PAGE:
NS: I was not allowed to study any evidence in prison. From the very beginning, Prosecutor Zekeriya Öz publicly declared the evidence secret and I was allowed to view it only after the indictment. What was claimed to be proof of my crime turned out to be nothing but telephone conversations made for the purpose of newsgathering; an article I had published in Posta newspaper; and two articles published by another journalist that for some reason had been added to the indictment as evidence against me.
NO: How were you treated in prison? Describe a typical day in jail.
NS: I was not mistreated, but the conditions at the prison were terribly bad. I felt trapped in a concrete box. No green, no trees. You don’t get to see the soil, you cannot touch the earth. It is terribly cold in the winter and very hot in the summer. The food is way below average.
I used to wake up at 6:30 or 7 a.m., show up for roll call at 8, then walk in the open common space–10 meters long by 4 meters wide. I would walk the area for two hours at a time. Then there was breakfast, after which I would do some reading and more walking in the common space. I would stay as long as possible there, then have dinner, do more reading. … That was the routine.
NO: How long were you held before you knew what you were being accused of? Were you allowed access to a lawyer right away? How would you describe the legal procedure that unfolded after your arrest?
NS: We [Șener and the other Odatv suspects] were kept under arrest for a full six months before learning what the accusations were. After learning what the charges were, we were kept under arrest for another six months. We were kept under arrest for 376 days in total. We had access to a lawyer. I can describe the process that followed our arrest as embarrassing for the state.
NO: While in prison, were you able to have communication with the outside world? Were you able to get visits from family, friends, and journalists?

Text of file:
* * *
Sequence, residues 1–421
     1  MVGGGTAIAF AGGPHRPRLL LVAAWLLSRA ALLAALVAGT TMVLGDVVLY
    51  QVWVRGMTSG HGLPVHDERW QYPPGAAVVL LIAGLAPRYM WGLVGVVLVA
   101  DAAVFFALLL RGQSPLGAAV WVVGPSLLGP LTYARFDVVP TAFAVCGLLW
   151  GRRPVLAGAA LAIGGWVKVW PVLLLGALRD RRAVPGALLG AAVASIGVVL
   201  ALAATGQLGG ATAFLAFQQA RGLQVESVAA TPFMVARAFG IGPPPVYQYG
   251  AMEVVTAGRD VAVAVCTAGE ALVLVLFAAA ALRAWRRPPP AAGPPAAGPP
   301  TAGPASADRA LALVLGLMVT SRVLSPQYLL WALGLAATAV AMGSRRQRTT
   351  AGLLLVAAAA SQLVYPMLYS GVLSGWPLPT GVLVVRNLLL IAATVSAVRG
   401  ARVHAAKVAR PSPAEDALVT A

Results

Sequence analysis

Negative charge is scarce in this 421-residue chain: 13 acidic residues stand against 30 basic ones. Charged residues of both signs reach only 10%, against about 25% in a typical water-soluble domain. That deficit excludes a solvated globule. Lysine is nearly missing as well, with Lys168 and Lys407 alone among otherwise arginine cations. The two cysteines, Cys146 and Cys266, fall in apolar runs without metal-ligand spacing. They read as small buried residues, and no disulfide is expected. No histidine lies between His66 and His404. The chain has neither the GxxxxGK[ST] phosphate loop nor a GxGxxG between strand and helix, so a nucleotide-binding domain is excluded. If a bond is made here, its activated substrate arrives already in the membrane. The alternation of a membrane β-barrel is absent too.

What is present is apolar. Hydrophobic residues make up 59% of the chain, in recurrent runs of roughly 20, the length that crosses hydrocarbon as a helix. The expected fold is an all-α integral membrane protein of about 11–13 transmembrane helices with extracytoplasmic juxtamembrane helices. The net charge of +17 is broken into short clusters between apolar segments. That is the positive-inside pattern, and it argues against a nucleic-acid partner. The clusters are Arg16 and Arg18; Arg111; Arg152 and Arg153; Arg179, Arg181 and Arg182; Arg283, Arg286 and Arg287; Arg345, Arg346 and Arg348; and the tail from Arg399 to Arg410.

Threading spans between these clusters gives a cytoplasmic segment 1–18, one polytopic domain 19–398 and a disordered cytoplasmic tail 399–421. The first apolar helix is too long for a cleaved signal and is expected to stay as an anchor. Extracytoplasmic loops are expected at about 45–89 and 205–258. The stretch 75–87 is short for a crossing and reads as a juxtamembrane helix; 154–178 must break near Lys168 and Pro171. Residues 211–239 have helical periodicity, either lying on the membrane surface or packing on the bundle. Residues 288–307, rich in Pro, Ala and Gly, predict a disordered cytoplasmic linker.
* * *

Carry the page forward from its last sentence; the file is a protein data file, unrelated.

NS: We were allowed to be visited by only three persons in addition to close family members. The most important thing keeping our morale high was the support we had from outside the prison.
NO: Did you know while you were in prison that your friends and colleagues–and many media rights defenders worldwide–were calling for your release? Did you have hope?
NS: Yes, I knew that and that was my only hope. As a matter of fact, I believe I was released because of that support and with the help of that hope.
NO: You are free now, but your freedom is only conditional. You can be re-arrested if convicted. Do you fear that may happen?
NS: Why not be concerned? After all, this is Turkey. The rage of any politician may provide a pretext for me to be arrested again. But as for fear–I am long beyond that.
NO: What is the first thing in Turkey that must change so that press freedom can thrive?
NS: First of all, press freedom must be guaranteed by law in an unequivocal way. Second, the judiciary should go through training to act in full compliance to the spirit of that law. The public should also be educated about the importance of freedom of thought and freedom of expression.
(Translated by Çiğdem Girgiç Çalap)